The difference with David’s approach as it was presented to me was that he knew, I think, that he could persuade me to take the actions, knowing that I would feel different as a result, and would become a believer, provided I was open to the possibility at the outset. This is exactly what happened to me. Within just one day of trying a routine that included praying to be cared for by a God that I thought might exist, saying thank you at night (‘it’s good manners to say thank you’) and writing a gratitude list of good things that occurred in the day, I was feeling noticeably different. This encouraged me initially to keep doing it and look for psychological explanations for why it worked, based upon the assumption that God doesn’t exist. Very quickly - well before the 30 days were up - I had concluded that these simple actions work for the reason that David said they did: God does exist and He is helping me. I was now a believer. Simple as that.
Blaise Pascal, a contemporary portrait
I suspect that David’s presentation was what Pascal intended as well. Pascal is also credited with saying, “If you are looking for God, then rejoice you have found Him.”
It was a long way from a generic faith in God to being received in the Church, but because I had started on a foundation of truth, continued practice of the principles that David had passed on led inexorably to my conversion. I was received into the Church about four years later at Farm Street Catholic Church in London, and David was my sponsor!

The only condition that David attached to passing this on to me was that I should be ready to hand on to others what he had given to me. This is what drove me to write the two books about the process, The Vision for You - How to Discover the Life You Were Made For, and a condensed presentation of the same process, The Vision for You - A Short Summary of the Spiritual Exercises & a Manual to Accompany Workshops. A group of us who have been through this process have now started to run video-conference workshops that explain the process to inquirers, and allow you to meet mentors who can guide you through the Vision for You Process one-to-one. Anyone who is interested and would like guidance is free to contact me. We endeavor to pass on to others freely what was freely given to us.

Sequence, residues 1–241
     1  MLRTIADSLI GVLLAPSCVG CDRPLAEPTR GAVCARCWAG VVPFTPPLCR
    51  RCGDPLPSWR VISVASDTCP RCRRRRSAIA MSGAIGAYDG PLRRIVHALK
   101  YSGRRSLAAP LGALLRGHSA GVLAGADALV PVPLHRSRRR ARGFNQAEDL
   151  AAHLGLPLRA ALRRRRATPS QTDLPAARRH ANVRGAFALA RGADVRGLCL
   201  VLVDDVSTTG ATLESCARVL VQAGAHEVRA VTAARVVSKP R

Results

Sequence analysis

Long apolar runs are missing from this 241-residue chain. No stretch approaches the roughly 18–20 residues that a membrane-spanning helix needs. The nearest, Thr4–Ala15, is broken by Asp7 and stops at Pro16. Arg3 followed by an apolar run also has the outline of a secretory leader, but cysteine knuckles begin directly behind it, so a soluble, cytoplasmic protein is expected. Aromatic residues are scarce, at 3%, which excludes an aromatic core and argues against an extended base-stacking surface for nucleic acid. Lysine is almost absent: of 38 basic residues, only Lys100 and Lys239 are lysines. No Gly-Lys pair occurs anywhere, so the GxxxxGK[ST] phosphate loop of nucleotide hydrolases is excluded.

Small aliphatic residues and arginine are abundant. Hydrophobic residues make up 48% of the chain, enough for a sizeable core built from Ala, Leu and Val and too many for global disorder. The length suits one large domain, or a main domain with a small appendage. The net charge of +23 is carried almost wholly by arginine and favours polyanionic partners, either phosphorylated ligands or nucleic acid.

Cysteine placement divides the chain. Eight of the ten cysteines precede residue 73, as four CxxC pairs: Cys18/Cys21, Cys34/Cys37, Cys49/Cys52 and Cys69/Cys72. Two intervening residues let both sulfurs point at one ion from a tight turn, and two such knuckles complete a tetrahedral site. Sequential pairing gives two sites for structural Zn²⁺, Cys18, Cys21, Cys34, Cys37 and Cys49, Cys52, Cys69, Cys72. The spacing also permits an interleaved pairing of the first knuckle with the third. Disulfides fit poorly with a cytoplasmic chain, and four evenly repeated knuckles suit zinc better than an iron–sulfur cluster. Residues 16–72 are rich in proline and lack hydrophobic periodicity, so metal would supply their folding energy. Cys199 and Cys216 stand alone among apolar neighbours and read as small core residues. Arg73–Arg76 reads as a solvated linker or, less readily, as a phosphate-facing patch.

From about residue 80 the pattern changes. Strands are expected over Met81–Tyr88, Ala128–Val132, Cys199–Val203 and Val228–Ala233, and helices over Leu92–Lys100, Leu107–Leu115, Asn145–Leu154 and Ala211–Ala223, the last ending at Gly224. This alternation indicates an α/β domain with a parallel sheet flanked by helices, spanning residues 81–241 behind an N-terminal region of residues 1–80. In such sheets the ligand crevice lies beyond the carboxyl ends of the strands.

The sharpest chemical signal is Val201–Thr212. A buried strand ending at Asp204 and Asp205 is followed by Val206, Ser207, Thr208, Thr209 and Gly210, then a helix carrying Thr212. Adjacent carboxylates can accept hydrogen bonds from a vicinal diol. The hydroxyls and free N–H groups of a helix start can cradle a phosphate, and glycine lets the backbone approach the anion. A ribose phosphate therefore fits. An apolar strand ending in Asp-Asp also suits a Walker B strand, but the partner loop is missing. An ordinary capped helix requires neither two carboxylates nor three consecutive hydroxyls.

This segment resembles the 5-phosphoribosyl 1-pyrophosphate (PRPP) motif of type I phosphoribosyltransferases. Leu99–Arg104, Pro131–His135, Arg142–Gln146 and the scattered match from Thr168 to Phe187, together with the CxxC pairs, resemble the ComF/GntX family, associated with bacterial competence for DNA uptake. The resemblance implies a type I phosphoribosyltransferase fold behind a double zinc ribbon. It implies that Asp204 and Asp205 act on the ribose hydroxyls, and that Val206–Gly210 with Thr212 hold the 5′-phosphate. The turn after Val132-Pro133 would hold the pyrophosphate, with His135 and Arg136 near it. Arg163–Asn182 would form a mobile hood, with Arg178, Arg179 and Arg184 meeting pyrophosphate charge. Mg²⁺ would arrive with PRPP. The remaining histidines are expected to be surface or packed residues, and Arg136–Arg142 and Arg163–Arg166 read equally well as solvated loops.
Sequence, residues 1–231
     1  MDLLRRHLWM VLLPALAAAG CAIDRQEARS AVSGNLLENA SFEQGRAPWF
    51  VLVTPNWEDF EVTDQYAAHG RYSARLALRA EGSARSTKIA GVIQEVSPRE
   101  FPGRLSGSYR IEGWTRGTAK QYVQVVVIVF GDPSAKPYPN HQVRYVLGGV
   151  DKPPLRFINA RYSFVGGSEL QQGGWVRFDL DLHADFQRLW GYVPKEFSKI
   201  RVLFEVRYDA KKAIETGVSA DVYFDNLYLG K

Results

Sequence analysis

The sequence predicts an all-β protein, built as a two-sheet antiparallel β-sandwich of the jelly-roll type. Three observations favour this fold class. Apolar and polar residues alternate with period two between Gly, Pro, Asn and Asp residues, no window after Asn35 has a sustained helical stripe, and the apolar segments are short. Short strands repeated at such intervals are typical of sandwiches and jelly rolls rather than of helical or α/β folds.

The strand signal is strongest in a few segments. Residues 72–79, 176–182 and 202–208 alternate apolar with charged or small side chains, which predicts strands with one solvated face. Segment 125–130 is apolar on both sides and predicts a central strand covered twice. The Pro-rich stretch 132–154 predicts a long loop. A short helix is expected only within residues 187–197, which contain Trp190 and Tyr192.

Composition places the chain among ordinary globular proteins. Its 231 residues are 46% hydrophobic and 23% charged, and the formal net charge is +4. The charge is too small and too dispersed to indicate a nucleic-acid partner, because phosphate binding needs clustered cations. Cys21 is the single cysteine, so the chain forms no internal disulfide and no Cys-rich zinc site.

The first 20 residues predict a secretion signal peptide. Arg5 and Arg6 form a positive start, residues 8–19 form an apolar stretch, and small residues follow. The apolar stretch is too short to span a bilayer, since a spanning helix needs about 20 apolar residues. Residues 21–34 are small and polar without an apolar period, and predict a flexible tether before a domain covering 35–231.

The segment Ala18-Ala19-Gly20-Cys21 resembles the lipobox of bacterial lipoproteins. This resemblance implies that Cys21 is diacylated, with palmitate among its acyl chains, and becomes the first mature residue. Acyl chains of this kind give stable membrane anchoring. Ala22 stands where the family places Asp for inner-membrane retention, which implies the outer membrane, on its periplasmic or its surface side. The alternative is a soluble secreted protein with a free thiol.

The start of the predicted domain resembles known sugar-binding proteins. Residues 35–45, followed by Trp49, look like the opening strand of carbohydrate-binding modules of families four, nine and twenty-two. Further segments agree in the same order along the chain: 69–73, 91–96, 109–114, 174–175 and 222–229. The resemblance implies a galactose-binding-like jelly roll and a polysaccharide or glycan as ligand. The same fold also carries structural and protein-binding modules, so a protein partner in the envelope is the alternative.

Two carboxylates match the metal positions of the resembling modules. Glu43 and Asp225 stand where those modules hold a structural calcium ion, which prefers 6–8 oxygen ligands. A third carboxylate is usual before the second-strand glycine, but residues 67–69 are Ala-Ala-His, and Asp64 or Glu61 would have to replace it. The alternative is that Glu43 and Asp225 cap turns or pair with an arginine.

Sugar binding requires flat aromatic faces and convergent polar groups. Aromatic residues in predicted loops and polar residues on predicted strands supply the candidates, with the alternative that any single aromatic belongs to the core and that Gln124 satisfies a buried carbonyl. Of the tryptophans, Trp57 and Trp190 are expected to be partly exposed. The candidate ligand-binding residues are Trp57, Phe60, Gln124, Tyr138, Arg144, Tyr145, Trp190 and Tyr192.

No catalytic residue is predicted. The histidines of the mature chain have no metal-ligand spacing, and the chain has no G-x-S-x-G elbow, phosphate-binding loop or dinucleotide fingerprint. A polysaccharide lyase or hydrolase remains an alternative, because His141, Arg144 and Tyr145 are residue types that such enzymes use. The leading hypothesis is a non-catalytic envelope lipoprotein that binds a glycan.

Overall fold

The process leads me first to establish a deep relationship with God and then to the discernment process. Under David’s guidance, from this first foundation of a daily routine, he took me through a series of thorough spiritual exercises, in the manner of Ignatian Spiritual Exercises or perhaps the 12-Steps. It culminated in a discernment process by which I discovered God’s plan for me and how to follow it. At no point was I required to be a believing Christian, but everything David asked me to do was consistent with and informed by David’s Catholicism. David seemed content to allow God to call me to Him on that one!

After completing the first part of the process by which I found a deep connection with God, David asked me a question: “If you inherited so much money that you never again had to work for the money, what activity would you choose to do, nine to five, five days a week?” One thing that he said he was certain about, he said, was that God wanted me to be happy. Provided that what I wanted to do wasn’t inherently bad (such as drug dealing!) then there was every reason to suppose that my answer to this question was what God wanted me to do. This process did not involve ever being reckless or foolish, or abandoning my everyday responsibilities, but I would always need faith to stave off fear. He couldn’t guarantee that my dreams would happen exactly as imagined, although it was certainly possible. What he did guarantee though was that by following this call and taking small and sensible steps towards it, I would be fulfilled and discover what God wanted me to do because it would materialize in my life. As He put it to me, “Thy will be done,” is a fact, not an aspiration.